Renowned documentary filmmaker Pierre Rehov has released a film on the death of Shireen Abu Akleh that casts doubt on whether it was an IDF soldier that killed her.
It is called "Lies and Tears."
Using some of the evidence I had uncovered, and with some additional expert testimony, Rehov looks at the events in Jenin that day with a critical eye. He interviews Palestinians who themselves think that the Palestinian Authority had the incentive and means to murder Abu Akleh.
The summary of the film:
UNPRECEDENTED CAMPAIGN: Since 1990, 2658 journalists have been killed in the line of duty. None of them has had the media coverage of Shireen Abu Akleh. The well-organized campaign launched by the Palestinian Authority around her death has almost no precedent.UNFOUNDED ACCUSATION: Assuming that an Israeli soldier was really responsible for the death of the Al Jazeera journalist, the accusation that it was a deliberate shooting is unfounded. The film shows that at such a distance no one could see the “press” sign on Shireen’s bulletproof vest. Palestinian gunmen were firing at Israeli soldiers from all directions.FALSE WITNESSES: The “witnesses” who were at the scene and first to accuse Israel of murder are claiming to be impartial journalists. They are, in fact, propagandists of the Palestinian Authority, as the film clearly shows.DISTORTION OF FINDINGS: CNN, The Washington Post and Bellingcat, called on Professor Maher, a forensic specialist and sound analyst, to define the distance between the journalist and the shooter from videos shot at the time of the tragedy, but they distorted his report to accuse the Israeli army. Professor Maher’s analysis, which Rehov also obtained, describes a distance between the sound recorders and the shooter, not between the journalist and the shooter. This “detail” leads to a difference of more than 20 meters which places the shooter further north of the army’s most extreme position. Yet, this critical detail has been glossed over in all the official versions, concluding that Israel is responsible.Professor Maher’s calculation was made for an M4, a weapon frequently used by Israeli soldiers. But if the bullet was fired from any other weapon with a longer barrel, the distance shortens again and places the shooter more than 40 meters north of the Israeli position.OMMISSIONS: Witnesses, including one of the “journalists” who was near Shireen Abu Akleh at the time of the tragedy, mention the presence of gunmen in a house not far from them. These testimonies have never been taken up by the media. They describe “snipers,” but the film formally demonstrates that it was impossible for Israeli “snipers” to have been in these positions. There were men shooting at the journalists from the buildings. They could not be Israelis. So, who were they?EXPERT TESTIMONY: The film gives the floor to high-level international experts, including a French GIGN officer, court-appointed forensic expert Alain Artuso, and physicist Nahum Shahaf. Each of them, according to their expertise, points out several mistakes made by those who accuse the Israeli army.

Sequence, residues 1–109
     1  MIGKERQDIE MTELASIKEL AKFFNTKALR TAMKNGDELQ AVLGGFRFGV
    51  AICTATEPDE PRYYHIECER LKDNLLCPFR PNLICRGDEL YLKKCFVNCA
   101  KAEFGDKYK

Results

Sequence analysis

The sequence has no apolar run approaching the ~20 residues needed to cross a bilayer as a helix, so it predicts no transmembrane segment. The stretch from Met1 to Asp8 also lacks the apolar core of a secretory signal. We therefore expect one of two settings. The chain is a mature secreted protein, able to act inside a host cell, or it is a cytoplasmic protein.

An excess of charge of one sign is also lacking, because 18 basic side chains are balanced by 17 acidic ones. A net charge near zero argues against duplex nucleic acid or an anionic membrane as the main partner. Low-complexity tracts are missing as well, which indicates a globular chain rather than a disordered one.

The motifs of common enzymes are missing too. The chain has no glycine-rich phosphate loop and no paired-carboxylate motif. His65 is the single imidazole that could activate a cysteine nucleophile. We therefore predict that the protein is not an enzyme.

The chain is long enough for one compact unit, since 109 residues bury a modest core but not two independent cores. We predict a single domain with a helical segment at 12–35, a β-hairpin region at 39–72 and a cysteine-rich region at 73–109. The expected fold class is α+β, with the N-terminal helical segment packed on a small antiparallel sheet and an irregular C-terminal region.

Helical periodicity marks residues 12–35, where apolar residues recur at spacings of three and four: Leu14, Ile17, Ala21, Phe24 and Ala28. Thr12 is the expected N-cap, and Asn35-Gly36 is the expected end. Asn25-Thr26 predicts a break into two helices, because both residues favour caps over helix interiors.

At this point the IDF has all but admitted that it was their own soldier who shot Abu Akleh, and Rehov doesn't include in his distance analysis the additional factor of the extra time from the shockwave to the microphone which could indeed potentially include the place the IDF was known to be. Nevertheless, the idea that the IDF would deliberately kill a journalist is shown here to be as absurd as possible. And the "experts" from Bellingcat, AP, the NYT and Washington Post based their distance estimations on wrong data.
Rehov is also the first one to include my findings that there were Palestinian snipers in houses and on roofs.
It is worthwhile to watch.